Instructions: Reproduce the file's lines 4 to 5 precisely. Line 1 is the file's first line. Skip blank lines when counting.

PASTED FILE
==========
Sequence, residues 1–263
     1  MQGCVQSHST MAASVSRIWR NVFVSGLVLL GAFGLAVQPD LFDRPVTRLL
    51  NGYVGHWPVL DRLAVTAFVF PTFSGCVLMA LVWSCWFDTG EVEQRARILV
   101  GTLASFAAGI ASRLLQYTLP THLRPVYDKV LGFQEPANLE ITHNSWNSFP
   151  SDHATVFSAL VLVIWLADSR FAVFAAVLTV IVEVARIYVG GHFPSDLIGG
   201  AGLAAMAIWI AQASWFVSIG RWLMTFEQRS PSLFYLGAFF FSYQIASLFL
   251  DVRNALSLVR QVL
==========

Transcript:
   101  GTLASFAAGI ASRLLQYTLP THLRPVYDKV LGFQEPANLE ITHNSWNSFP
   151  SDHATVFSAL VLVIWLADSR FAVFAAVLTV IVEVARIYVG GHFPSDLIGG